Jackie Stennett, USMA 1990

about-jackie-stennettJackie grew up in South Florida. the daughter of a Jamaican immigrant.  At a very early age, Jackie’s mother instilled in her the importance of education.  Jackie was set on attending the best undergraduate college that could prepare her to become an architect– that is until she received a brochure from West Point. Jackie has a fundamental belief about the impact of service, particularly as it relates to the education of children.  “Every child, not just those born into privilege or wealth, should have a role in defining the course of their nation and their world.  Their words should be heard, and through advocates’ involvement, we can help to amplify their voices.”

Bridget Altenburg, USMA 1995


Bridget grew up in a military family stationed at installations around the world.  Her father, a two star general, retired from the Army as its second highest ranking military lawyer.  Initially, Bridget saw the Army as a way to pay for college.  Later she came to realize it was more than a job and more important than one’s self.  Upon arriving at her first assignment as an engineer officer, Bridget deployed to Bosnia as part of Operation Joint Endeavor.  Her platoon constructed the largest Bailey bridge erected since World War II.  She also served in Germany, Croatia and Kosovo.  As Bridget neared the completion of her five-year service obligation from West Point, she considered her future in the Army.  While she relished the leadership development and challenges of being an Army officer, she wanted more control over her life.  Most importantly, she sought to reconcile her integrity with the Army’s policy against homosexuals and to be open about her own sexuality.

Anita Allen, USMA 2000


Anita was raised on a 1900 acre farm in Star City, Indiana.  As a high school track star, she hoped to earn an athletic scholarship to college to continue her running career.  She even thought about running in the Olympic Games someday.  West Point recruited Anita as both a student and track athlete.  Post graduation Anita was recruited again. This time it was Army’s World Class Athlete Program, a program which provides soldiers the opportunity to train and compete at national and international sports competitions with the ultimate goal of selection to the United States Olympic Team.    A coach familiar with her track record invited Anita to compete in tryouts for the modern pentathlon-– a multi-discipline event which includes shooting, fencing, equestrian, swimming and cross-country running.  In the summer of 2001, with less than 30 days of training, Anita competed in her first modern pentathlon event.  A few days later the world changed drastically.  The terrorist attacks of September 11 occurred sending the US Armed Forces into action to wage and fight a global war on terror.  Anita was confronted with a decision —  to compete in a global athletic competition or serve on the battlefield.  We need soldiers and we need athletes.  When the athlete and the soldier are one and the same, a difficult gut-wrenching decision follows, one that a soldier-athlete will forever live with, and one with which Anita continues to live.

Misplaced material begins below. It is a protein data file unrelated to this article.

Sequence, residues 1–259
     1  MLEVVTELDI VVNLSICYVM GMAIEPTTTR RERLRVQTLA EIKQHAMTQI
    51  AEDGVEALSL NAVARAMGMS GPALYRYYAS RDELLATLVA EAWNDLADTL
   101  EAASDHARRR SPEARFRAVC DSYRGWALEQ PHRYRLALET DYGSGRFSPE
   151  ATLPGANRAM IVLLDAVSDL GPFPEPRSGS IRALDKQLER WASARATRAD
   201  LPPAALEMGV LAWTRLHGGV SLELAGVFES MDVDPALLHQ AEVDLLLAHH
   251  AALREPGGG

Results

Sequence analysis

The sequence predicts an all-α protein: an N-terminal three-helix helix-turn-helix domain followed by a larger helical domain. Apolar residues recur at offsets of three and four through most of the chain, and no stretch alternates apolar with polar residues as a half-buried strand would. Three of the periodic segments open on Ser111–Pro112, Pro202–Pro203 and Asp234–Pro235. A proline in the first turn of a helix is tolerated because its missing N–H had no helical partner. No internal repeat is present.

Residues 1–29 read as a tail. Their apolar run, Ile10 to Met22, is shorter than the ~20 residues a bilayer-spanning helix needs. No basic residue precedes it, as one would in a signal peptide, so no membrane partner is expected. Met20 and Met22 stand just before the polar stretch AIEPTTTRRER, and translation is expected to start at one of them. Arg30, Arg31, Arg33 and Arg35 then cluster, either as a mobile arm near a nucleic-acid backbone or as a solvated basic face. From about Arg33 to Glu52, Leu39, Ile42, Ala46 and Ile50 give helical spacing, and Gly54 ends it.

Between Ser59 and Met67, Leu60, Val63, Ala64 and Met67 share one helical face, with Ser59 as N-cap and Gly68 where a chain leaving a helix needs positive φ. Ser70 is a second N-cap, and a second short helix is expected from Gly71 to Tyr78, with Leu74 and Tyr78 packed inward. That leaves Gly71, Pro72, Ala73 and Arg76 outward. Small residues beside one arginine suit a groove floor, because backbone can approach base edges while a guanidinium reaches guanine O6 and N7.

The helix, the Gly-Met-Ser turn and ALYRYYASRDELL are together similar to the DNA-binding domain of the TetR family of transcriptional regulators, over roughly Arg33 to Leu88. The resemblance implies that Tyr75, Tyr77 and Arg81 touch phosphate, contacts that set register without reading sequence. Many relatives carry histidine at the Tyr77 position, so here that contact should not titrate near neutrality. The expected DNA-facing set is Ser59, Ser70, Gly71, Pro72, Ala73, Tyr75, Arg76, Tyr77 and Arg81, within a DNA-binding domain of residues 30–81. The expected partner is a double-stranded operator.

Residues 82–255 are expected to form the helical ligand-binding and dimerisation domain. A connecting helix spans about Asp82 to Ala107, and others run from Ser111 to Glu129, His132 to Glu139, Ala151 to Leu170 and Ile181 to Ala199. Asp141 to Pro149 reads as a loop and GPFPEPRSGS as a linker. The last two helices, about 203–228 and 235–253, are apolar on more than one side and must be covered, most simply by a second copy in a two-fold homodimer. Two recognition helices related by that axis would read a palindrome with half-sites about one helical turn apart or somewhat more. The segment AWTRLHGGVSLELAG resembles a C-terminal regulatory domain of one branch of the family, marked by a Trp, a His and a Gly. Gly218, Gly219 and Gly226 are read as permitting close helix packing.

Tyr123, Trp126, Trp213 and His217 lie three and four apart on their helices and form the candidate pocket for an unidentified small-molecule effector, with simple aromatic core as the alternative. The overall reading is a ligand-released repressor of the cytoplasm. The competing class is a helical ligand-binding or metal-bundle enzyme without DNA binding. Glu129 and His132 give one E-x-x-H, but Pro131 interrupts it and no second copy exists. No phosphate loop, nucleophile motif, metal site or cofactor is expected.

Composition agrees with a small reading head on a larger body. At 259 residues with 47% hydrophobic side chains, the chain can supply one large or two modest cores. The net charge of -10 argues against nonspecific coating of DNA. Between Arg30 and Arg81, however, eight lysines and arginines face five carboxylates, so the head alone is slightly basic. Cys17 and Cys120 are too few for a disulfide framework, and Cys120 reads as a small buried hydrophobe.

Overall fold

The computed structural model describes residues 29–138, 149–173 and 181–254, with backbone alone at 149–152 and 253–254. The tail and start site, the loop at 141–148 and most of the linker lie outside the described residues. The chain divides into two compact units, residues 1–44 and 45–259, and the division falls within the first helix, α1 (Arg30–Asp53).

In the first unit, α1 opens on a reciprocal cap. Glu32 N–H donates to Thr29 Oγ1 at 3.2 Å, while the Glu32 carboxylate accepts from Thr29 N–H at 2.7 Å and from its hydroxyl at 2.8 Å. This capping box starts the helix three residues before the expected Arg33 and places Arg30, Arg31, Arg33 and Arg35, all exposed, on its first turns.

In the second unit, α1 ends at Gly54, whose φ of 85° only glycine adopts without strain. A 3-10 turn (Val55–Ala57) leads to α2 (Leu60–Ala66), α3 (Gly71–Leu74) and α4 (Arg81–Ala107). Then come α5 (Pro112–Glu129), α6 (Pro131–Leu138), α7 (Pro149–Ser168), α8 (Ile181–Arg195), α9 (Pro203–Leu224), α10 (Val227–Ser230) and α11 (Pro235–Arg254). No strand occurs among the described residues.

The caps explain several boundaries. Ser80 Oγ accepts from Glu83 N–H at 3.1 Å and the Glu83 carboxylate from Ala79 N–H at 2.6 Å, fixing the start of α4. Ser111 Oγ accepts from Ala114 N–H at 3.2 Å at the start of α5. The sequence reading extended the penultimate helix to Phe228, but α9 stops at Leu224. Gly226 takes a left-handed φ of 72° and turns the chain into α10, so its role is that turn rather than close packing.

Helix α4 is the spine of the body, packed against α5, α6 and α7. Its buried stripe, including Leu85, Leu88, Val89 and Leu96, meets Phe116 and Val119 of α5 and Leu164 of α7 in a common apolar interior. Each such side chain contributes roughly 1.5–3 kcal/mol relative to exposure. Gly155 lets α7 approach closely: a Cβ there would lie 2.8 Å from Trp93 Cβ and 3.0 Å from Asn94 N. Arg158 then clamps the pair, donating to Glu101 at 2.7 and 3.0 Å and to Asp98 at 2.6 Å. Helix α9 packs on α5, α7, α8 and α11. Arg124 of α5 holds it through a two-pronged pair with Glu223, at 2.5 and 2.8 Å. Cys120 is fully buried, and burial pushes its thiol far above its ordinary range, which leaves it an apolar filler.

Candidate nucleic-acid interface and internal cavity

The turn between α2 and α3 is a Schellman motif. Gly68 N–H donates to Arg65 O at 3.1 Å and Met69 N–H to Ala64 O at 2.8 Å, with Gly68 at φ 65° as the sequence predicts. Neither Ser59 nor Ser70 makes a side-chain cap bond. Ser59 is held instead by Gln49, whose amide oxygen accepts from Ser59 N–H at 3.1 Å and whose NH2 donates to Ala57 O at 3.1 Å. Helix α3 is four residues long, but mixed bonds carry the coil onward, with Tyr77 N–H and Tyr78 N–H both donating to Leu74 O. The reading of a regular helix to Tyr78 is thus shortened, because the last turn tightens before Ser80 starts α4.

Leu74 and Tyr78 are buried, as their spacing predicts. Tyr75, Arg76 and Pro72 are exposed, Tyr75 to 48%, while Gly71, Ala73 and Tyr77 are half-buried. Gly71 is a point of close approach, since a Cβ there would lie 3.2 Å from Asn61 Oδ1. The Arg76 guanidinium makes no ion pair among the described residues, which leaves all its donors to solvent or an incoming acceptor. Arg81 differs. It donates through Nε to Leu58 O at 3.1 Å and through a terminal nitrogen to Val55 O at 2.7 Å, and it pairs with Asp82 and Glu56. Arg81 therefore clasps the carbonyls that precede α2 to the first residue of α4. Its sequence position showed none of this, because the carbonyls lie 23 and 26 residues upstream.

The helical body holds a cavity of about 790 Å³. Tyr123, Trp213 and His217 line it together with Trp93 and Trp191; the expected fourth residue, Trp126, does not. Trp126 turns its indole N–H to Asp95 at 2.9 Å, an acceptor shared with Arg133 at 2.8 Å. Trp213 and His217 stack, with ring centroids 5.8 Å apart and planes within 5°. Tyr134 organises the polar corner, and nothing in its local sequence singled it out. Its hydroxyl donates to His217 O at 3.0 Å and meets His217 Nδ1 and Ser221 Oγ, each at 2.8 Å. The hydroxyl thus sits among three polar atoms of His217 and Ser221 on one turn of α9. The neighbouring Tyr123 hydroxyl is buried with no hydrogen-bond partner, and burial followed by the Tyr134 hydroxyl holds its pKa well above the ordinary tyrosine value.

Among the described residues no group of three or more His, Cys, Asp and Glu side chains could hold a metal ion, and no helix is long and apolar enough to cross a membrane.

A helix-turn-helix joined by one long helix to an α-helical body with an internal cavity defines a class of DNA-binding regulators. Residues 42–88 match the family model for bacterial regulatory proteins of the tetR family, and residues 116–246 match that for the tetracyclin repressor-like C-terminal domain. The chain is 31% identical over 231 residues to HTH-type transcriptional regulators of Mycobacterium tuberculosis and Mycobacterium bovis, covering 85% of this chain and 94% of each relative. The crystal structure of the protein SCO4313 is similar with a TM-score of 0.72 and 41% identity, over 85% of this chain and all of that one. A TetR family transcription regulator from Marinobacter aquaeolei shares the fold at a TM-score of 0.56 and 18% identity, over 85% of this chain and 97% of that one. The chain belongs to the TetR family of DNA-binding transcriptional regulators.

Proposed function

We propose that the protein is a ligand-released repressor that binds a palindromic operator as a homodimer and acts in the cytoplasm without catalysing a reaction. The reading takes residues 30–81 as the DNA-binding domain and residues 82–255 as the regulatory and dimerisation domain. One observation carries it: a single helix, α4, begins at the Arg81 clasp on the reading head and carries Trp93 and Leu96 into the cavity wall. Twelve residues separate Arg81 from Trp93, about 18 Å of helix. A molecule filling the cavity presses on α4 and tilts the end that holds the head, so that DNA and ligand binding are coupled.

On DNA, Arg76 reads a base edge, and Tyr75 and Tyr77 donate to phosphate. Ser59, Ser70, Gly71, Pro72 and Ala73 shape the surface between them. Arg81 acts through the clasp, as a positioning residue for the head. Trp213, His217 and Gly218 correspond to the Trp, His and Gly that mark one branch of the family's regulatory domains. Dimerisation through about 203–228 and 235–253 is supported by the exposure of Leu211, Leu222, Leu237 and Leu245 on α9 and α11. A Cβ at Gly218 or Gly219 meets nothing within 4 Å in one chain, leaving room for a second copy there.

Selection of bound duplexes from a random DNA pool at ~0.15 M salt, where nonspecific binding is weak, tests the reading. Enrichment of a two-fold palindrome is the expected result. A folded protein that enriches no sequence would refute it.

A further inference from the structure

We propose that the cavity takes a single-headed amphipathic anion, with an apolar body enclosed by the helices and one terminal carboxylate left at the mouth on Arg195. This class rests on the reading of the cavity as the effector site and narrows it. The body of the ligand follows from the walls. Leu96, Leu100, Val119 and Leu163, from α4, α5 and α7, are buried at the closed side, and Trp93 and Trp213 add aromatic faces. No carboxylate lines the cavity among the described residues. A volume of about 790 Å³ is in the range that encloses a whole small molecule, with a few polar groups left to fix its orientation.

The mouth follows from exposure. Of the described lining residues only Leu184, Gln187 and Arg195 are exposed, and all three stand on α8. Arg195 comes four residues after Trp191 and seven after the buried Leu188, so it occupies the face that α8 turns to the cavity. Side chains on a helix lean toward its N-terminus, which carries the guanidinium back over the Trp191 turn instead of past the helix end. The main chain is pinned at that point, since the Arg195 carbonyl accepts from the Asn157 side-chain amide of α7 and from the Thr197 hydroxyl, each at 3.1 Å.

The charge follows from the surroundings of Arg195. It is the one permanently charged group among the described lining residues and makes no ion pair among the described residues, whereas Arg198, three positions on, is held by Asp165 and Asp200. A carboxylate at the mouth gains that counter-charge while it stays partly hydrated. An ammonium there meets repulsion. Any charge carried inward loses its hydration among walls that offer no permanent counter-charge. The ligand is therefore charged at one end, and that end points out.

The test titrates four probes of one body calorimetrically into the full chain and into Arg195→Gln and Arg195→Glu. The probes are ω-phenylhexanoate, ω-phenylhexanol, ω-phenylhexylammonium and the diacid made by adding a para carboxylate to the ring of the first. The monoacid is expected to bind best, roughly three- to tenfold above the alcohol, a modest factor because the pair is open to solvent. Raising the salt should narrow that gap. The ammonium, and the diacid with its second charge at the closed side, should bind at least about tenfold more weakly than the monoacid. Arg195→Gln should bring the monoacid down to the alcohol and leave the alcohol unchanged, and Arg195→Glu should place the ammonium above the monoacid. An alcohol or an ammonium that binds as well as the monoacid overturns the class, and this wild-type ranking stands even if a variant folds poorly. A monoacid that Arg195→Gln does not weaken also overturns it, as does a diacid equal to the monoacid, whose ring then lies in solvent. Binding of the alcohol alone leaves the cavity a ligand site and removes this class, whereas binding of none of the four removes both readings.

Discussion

Captain (retired) Dawn Halfaker, USMA 2001


Dawn grew up in Rancho Bernardo, California.  She dreamt of playing basketball for a Division One college and maybe even in the WNBA.   After speaking with one of the basketball coaches, Dawn realized that West Point was not just a college but a future, and she liked the future she saw.  As the leader of a military police platoon deployed to Iraq, Lieutenant Halfaker and her soldiers were assigned to train Iraqi police in the heart of the volatile and ethnically-mixed Baquoba neighborhood of Baghdad.  While leading a reconnaissance patrol on a sweltering moonless night, Lieutenant Halfaker, dressed in full combat gear, sat in the cramped back seat of her humvee.  Along with three soldiers and an Iraqi translator, their faces smeared with brown-black camouflage grease and beading with sweat, the five were hyper-viligant scanning the darkness for suspicious activity.  The stillness of the night was broken by occasional gunfire and the drone of their own engine.  As the driver turned a corner, small arms fired rained down from all directions brightly illuminating their position.  A rocket-propelled grenade pierced through the engine compartment entering the vehicle cabin on a path of blistering destruction.  It severed off the left arm of the soldier in the front seat, torn off Dawn’s right shoulder and arm, and than exploded behind her head.  Her future was not here.  It was not the one she envisioned.

First Lieutenant Sarah Gerstein, USMA 2007

about-sarah-gersteinSarah was raised in a military family living on Army bases in the United States and Germany.  Sarah grew up never imagining not serving in the military, despite the fact that less than one percent of Americans do so.  Both her parents graduated West Point in 1980.  Sarah entered West Point in June 2003, two months after President Bush’s infamous “Mission Accomplished” speech.  She was part of the first class to matriculate after the United States invasion of Iraq.  While she understood the profession she was entering and for what she had signed up, Sarah really was not sure whether the United States would still be at war by the time she graduated.   Sarah is a military intelligence platoon leader serving in Iraq.